I feel an abrupt jar as the table on the other side of the divider gets new occupants. You know this diner table type, right? There is almost one table that is shared between two booths and when someone pushes down hard on their side, your jumps up accordingly. Mine does this and I find myself back in the present. Three teenage boys sit down and begin talking at unnecessarily loud levels before they are even situated in their seats. It takes a moment to sort out what they are saying, but I quickly understand why they are so loud: they are having three separate conversations and trying their best to get the other two to listen. I can’t even figure out what they are each talking about, but I quickly realize that I don’t care. Not only because I doubt I share the interests of a teenage boy, but I certainly have no interest in what someone who competes so loudly for attention has to say. Perhaps that makes me a snob, but I’ve come to be okay with that.
The conversation is clearly a contest. Each boy has no time or attention to listen to what the others are saying. They calm down a little once they get menus and drinks to where a casual observer might thing there are pauses and dialogue which consists of a statement and a thoughtful retort, but really they fall into the pattern of conversation without the reality of conversation. I’m sure I see myself better than I am, but I wonder if I was ever like this. I try to take my time to listen, but do I always? Can I do it better? I try, I really do, to not feel better than these kids, but I do not succeed. I know I can have a good conversation and I know I can listen. The question I ask myself (and I am unable to answer) is: do I use this knowledge as a crutch and assume because I can be a good listener I assume I always am?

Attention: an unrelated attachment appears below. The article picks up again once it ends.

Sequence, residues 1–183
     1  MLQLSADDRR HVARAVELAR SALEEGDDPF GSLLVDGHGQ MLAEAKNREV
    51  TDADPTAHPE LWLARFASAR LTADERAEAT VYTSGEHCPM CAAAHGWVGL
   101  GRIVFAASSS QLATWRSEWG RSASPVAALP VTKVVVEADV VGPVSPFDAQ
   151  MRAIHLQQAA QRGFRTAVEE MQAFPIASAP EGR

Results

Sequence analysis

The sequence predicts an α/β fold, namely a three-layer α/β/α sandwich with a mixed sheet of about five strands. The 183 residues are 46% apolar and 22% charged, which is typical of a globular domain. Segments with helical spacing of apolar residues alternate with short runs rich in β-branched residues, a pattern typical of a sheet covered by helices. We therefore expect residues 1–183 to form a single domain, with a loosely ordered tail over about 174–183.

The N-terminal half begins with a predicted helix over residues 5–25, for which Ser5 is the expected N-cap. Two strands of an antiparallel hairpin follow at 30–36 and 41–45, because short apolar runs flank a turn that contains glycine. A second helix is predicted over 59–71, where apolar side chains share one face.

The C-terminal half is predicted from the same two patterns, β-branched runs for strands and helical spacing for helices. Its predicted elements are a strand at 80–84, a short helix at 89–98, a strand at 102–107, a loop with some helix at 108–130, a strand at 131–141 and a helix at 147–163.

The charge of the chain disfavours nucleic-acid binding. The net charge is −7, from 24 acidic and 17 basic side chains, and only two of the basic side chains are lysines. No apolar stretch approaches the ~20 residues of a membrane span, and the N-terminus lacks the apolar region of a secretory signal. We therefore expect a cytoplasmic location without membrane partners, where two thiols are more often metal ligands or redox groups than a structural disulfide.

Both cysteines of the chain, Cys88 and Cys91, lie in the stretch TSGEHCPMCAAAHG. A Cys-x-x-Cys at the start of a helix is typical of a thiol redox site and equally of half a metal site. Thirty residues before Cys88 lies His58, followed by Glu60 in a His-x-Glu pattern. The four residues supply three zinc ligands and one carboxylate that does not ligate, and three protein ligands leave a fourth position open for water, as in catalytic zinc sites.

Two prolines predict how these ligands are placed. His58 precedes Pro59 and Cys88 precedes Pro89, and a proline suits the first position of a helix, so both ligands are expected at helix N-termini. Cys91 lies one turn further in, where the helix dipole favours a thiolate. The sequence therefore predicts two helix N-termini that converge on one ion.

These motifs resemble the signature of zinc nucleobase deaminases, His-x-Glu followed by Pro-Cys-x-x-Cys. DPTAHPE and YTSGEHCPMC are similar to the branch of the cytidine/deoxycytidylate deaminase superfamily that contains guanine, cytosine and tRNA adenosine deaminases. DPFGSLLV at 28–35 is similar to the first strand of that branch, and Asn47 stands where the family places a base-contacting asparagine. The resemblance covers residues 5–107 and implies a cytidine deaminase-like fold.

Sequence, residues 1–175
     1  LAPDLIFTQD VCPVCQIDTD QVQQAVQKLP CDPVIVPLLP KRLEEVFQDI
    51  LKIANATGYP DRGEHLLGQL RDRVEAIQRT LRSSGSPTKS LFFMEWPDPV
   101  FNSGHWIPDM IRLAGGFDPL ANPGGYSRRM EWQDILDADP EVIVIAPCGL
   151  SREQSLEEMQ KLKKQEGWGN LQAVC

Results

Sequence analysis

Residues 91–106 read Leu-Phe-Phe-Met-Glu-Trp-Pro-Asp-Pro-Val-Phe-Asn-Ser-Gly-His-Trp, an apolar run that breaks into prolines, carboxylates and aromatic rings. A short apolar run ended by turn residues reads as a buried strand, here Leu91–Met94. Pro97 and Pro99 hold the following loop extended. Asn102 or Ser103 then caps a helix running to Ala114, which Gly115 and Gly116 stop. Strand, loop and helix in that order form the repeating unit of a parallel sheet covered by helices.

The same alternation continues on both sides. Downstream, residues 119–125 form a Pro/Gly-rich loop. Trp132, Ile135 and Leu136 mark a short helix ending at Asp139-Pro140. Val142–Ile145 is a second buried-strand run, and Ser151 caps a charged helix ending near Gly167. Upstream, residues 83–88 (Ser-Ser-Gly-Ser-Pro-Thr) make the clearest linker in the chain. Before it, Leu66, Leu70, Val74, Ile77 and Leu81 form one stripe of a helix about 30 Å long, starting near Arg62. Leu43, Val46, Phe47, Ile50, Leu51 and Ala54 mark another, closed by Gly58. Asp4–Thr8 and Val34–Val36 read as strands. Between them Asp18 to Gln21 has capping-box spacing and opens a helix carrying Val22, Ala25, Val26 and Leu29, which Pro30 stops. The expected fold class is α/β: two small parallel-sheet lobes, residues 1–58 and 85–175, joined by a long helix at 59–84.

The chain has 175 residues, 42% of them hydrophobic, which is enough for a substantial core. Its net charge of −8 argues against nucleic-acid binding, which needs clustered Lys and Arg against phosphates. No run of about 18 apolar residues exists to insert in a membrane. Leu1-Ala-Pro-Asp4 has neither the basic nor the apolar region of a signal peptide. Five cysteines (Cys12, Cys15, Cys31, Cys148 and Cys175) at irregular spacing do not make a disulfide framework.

Like many times before, I decided then and there that I never want to pretend that I am happy. I never want to have a relationship–friend, lover, whatever–where the act of being together becomes more important than actually having a relationship. And, here, I try not make any more assumptions for any of these people. Maybe there is nothing left to say, maybe they are happy not talking, or maybe just having someone around to compete with is enough; but that is not always the case and perhaps I have too much a idealized or romantic streak, but I believe we can have more, I believe we can do more with our lives and with our relationships.
I think I’ve lived this principle well, but it’s always hard to see at the time. My life is full of mistakes, but I try my best to learn from them. I feel like, sitting there along with my book, at least I am being honest with myself. I may be sitting alone but I’m trying to do it honestly and with dignity.
What kind of dignity is that? I’m not really sure. But it’s the best I’ve got and that is good enough for me.